The brain is divided into a left and right hemisphere connected by a thick bundle of neurons and additional fibers called the corpus callosum. Fairly consistent division of labor seems to exist between the two hemispheres, though there is of course variation between individuals, as well as overlap in function. For instance, the majority have primary language centers on the left side of the frontal lobe while a minority have these modules on the right or both sides, and it is even the case that a hemisphere can assume certain functions of its opposite when damage is sustained. The left hemisphere tends to be responsible for analytical operations such as logical thinking, the details of linguistic expression, everything involving minute symbolic analysis, while the right hemisphere tends to participate in spatial processing, generalization, awareness of flow in music tonality, and additional aspects of perception and conception that constitute the broad picture within which particulars inhere. Hemispheres of the brain are crosswired to the body, so a naturally left-handed individual is likely to be right hemisphere dominant and a right-handed individual left hemisphere dominant, but comprising a highly variable spectrum that produces an abundance of skill sets.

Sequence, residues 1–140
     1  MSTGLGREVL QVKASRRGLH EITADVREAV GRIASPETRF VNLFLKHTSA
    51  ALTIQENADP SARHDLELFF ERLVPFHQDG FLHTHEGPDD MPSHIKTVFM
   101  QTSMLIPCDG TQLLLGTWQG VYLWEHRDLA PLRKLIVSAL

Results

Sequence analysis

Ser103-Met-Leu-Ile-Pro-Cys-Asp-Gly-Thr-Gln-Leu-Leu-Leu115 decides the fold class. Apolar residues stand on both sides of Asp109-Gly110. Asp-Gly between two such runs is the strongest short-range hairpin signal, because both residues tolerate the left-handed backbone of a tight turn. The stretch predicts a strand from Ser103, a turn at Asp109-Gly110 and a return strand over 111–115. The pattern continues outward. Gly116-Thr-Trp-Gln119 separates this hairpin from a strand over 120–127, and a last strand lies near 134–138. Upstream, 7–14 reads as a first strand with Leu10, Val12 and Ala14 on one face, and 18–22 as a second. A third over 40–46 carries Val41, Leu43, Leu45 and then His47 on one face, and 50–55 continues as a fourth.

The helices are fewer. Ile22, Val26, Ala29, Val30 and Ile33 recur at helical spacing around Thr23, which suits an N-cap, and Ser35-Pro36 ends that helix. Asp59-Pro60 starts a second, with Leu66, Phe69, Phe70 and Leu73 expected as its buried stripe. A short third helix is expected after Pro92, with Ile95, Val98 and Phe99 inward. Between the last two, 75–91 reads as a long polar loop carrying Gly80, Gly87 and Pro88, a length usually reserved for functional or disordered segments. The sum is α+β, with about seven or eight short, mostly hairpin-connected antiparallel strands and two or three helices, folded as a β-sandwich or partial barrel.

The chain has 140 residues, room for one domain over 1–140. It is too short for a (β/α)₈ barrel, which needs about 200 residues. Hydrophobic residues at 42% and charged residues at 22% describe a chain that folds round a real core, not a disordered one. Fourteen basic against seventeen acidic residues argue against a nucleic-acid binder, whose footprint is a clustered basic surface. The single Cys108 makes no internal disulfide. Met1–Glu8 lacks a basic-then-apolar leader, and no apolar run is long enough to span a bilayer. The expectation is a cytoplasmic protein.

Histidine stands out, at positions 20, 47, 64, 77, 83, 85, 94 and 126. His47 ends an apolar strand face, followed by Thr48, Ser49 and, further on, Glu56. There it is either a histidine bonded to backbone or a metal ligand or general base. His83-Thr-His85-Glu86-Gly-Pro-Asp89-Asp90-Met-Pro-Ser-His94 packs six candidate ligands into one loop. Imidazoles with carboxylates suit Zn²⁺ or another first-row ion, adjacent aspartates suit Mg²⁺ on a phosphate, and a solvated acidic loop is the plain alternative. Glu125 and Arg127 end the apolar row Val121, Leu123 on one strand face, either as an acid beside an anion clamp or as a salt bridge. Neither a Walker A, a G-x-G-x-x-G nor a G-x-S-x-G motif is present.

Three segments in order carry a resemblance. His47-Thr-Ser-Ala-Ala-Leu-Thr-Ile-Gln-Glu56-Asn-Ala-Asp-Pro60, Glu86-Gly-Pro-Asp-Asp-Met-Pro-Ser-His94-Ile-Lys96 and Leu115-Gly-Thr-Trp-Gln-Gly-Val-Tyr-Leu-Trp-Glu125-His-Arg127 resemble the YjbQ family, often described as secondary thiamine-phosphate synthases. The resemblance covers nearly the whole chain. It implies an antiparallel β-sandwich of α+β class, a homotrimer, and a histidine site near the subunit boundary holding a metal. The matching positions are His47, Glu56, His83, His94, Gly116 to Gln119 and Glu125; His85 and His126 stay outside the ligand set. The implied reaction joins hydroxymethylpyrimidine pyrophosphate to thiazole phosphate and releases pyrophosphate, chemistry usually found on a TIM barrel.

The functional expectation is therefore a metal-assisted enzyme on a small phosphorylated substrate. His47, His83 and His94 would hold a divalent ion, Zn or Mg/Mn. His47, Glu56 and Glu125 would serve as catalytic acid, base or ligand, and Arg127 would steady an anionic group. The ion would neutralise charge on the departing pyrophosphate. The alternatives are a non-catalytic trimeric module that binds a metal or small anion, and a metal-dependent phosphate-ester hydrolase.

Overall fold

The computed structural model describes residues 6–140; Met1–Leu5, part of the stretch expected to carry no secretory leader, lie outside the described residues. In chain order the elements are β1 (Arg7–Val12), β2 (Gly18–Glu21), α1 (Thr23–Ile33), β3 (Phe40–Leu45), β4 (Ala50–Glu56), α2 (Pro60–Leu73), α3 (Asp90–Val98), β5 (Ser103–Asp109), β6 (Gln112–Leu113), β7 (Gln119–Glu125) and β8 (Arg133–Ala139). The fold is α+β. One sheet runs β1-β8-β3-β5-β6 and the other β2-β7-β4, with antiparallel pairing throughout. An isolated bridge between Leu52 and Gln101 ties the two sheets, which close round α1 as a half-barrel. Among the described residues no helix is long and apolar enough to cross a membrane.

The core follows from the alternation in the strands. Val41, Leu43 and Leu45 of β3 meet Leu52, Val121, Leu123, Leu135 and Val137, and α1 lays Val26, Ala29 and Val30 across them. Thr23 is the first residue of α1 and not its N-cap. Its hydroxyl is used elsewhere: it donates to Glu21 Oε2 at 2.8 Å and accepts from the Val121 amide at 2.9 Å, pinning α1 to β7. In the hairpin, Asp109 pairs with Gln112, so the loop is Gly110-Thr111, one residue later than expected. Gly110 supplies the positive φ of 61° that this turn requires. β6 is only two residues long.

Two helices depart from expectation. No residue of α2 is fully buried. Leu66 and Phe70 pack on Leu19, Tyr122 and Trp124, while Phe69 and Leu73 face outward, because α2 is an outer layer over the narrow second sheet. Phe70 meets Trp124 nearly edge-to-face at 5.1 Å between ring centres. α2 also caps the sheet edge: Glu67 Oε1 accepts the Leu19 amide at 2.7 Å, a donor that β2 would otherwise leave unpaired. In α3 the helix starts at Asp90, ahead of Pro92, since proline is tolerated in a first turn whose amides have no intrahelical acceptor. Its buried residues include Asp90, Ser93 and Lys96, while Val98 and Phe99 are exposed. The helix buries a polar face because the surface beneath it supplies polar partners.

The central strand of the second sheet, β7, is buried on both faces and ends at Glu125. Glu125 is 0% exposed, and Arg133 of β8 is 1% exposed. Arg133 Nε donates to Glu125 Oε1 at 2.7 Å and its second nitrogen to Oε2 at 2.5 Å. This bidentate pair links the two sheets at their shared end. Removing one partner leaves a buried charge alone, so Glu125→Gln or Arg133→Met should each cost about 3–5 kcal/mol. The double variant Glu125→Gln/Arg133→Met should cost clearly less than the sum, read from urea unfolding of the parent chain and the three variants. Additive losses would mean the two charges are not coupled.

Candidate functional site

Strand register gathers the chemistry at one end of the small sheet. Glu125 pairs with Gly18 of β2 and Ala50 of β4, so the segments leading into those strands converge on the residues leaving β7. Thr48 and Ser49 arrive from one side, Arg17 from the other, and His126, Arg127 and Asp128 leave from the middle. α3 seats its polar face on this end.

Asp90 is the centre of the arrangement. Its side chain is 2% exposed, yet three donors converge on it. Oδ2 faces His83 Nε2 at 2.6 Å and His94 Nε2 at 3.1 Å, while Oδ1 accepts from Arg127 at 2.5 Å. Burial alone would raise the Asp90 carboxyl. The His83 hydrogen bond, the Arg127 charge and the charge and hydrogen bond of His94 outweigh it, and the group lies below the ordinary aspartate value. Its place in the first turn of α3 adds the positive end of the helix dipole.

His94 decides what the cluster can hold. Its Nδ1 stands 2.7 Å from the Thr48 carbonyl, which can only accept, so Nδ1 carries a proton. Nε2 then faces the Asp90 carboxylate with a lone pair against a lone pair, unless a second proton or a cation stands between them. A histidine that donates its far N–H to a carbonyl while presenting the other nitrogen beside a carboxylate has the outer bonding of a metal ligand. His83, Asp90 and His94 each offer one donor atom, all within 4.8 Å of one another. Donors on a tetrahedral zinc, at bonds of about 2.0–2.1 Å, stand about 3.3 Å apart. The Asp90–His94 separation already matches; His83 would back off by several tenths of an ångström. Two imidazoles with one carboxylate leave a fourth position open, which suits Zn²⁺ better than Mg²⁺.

An antiquated procedure for curing severe epilepsy by severing the corpus callosum revealed some intriguing facts about left and right hemisphere interactions. A patient who had undergone this operation was shown a picture of a chicken to his right eye, wired to the left hemisphere, and a picture of a snowbank to his left eye, wired to the right hemisphere, then instructed to select the image most well-matched to what he had seen from a collection of pictures, with both his right and left hand separately. He chose the picture of a chicken claw with his right hand (left hemisphere) because a chicken claw obviously goes with the chicken, and a snow shovel with his left hand (right hemisphere) appropriate to the snow bank, but when asked why he chose the snow shovel he replied that the shovel goes with the chicken because you need it to clean the chicken shed. The left hemisphere was not aware of the right hemisphere’s processing because of their separation, but compulsively invented a story accounting for the left hand’s choice that rendered the total experience consistent to the patient’s analytical mind. This fascinating aberration was observed many times in mostly functional post-op patients (who often partially recovered from split-brained effects) and revealed that the left brain creates narratives integrating our experiences, often with a more subtle but nonetheless substantial infidelity responsible for flaws and inconsistencies of eyewitness testimony, the psychological power of suggestion, confirmation bias, and conducing the role of memory in supplementing consolidational processes of the introspective self.